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Record number of O'Connell students attend the spring Kairos retreat

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The Campus Ministry staff at Bishop O’Connell High School in Arlington facilitates a variety of retreat opportunities for its students — from mandatory grade-level retreats to voluntary retreat programs that supplement the daily spiritual experience.

One such optional retreat is the Kairos retreat, which takes place each spring and fall on the grounds of Camp St. Charles in southern Maryland.

It aims to reset the priorities of those who participate, encouraging them to live out the word of God through various faith-based activities, testimonials, adoration and Mass. The retreat is called Kairos because “Kairos time” means God’s time. When one is on the retreat they are expected to live through Kairos time as opposed to “Chronos time.”

The Kairos retreat is student-run, led by those who have attended once before, along with several faculty members. Senior Malia Stevens served as a student leader at the most recent Kairos. “As a leader, I was able to lead my small group similar to how Christ led his Twelve Apostles, with faith and love,” she said.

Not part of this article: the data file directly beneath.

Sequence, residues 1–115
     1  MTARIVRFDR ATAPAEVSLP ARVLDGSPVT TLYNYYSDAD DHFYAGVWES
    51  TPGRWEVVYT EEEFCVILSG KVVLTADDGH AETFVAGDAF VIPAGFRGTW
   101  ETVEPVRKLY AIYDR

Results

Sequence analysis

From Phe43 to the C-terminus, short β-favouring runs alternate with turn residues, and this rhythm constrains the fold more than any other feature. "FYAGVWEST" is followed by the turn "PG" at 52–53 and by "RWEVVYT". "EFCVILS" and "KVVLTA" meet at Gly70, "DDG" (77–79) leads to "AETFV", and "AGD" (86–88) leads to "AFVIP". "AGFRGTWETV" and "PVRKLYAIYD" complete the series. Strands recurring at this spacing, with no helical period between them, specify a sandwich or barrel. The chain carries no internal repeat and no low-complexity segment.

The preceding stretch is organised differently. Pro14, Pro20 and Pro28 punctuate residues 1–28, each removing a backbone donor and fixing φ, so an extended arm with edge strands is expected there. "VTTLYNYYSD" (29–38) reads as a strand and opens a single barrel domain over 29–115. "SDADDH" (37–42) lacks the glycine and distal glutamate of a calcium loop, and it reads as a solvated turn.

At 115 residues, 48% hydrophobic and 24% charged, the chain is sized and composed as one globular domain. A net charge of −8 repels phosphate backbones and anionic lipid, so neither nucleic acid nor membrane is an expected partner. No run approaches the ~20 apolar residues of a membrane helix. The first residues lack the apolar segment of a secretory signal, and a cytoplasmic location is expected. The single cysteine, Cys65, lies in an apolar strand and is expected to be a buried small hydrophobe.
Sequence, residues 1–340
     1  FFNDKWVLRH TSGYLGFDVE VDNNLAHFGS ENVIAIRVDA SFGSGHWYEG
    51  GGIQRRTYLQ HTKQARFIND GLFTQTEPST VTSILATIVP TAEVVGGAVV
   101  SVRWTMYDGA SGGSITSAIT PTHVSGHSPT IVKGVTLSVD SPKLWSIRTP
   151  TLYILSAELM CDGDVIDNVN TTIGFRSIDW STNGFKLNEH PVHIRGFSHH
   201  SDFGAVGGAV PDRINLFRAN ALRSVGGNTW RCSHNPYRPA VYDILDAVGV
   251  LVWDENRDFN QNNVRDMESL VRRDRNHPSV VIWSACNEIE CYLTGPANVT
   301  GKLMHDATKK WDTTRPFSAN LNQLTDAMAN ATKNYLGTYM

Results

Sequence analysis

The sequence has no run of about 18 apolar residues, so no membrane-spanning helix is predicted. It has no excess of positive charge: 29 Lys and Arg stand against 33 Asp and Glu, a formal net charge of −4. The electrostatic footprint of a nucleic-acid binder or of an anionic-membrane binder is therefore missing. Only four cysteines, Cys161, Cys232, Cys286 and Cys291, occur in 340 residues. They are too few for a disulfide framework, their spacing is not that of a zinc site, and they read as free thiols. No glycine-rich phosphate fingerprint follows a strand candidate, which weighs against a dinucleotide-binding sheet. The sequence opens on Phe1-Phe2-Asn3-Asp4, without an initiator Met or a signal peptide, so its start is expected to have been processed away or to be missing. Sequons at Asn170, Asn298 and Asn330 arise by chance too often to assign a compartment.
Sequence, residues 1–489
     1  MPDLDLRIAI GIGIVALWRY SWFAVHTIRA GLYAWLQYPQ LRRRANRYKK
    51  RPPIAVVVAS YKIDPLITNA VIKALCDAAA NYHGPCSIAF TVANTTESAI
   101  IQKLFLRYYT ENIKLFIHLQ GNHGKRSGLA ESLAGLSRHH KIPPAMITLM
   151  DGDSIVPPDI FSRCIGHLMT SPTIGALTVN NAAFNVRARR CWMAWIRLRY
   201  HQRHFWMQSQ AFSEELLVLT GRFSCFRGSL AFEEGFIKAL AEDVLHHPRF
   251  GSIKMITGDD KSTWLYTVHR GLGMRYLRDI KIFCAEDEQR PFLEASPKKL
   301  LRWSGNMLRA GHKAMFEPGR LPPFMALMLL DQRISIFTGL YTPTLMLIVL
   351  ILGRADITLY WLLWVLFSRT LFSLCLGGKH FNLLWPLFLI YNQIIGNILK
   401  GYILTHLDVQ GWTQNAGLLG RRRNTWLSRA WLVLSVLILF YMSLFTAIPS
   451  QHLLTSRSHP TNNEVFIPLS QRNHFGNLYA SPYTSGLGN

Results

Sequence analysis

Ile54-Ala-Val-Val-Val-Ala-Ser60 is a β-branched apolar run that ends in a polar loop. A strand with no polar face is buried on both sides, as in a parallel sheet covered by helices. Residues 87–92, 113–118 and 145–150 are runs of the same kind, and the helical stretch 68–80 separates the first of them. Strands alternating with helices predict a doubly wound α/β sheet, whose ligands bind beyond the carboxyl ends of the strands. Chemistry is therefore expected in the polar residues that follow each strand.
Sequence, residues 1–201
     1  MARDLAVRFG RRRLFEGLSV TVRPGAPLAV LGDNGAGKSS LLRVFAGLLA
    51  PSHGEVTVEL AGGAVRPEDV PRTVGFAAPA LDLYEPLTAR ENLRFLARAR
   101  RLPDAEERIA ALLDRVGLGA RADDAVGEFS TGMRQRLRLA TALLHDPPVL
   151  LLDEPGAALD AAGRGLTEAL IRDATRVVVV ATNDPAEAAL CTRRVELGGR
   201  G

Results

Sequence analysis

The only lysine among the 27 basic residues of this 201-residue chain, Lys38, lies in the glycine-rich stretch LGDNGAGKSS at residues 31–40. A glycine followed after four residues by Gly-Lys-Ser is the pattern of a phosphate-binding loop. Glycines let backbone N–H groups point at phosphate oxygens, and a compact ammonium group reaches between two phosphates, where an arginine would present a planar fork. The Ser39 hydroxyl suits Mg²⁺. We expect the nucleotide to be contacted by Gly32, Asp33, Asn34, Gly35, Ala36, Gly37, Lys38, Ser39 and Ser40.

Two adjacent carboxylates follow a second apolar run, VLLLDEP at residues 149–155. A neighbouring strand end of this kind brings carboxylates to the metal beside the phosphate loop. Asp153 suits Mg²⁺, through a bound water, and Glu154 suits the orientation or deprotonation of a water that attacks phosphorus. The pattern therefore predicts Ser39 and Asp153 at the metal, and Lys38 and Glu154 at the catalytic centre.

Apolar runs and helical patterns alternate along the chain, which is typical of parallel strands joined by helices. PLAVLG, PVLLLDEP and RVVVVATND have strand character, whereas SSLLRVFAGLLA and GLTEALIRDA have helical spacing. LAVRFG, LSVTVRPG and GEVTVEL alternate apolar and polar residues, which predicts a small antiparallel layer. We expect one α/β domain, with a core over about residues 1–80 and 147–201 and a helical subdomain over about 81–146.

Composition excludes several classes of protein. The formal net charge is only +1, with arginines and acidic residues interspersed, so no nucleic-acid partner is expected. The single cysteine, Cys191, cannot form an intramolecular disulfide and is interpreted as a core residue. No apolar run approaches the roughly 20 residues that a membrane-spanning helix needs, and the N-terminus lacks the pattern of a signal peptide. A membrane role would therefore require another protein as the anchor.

This spring’s retreat was the sixth Kairos hosted by O’Connell and a record number of students expressed interest.

While Kairos typically is comprised of 20-30 students, the April session welcomed 52, including 13 student leaders. Although there was concern that such a large group would prevent students from receiving the same fulfilment and experience, the result proved otherwise, with many saying it was the best Kairos yet. The students were able to open up in their small groups while also working with and learning from everyone.

“Our goal is to provide students with an experience that will help them grow in their own faith journey,” said Kathryn Haas, O’Connell’s Christian Service Coordinator, who has helped facilitate all the school’s Kairos retreats.

“Kairos was incredible for me,” said senior Nick Hidalgo. “I was able to grow in my faith life through the connections I made with my friends during the retreat.”

“Kairos was a totally eye-opening and peaceful experience,” said senior Abby Dinegar. “It was exactly what I needed at just the right time, reminding me to focus on the present and not always on what’s coming next — college.”

Students and faculty members came back from the spring Kairos renewed. During their four-day experience — with no phones, communication to the outside world or sense of time — they were able to devote their attention to their own relationship with God in their everyday lives, and develop a plan for their journey forward.

“Kairos is always a renewing experience, also for me,” said Haas. “I feel like I’ve gained spiritual growth on each retreat. Being able to have an experience, outside of a classroom — getting to know each other as people and share our own faith — is a very special treat.”

© Arlington Catholic Herald 2018